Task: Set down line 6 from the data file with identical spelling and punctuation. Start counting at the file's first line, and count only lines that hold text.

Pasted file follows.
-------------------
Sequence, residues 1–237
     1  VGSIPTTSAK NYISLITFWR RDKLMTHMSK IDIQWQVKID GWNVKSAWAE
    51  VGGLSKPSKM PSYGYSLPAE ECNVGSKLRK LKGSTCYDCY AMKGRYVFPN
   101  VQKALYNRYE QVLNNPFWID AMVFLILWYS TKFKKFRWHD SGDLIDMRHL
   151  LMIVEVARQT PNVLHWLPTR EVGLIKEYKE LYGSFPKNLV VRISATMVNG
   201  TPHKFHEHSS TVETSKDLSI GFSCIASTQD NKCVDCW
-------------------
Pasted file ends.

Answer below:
   201  TPHKFHEHSS TVETSKDLSI GFSCIASTQD NKCVDCW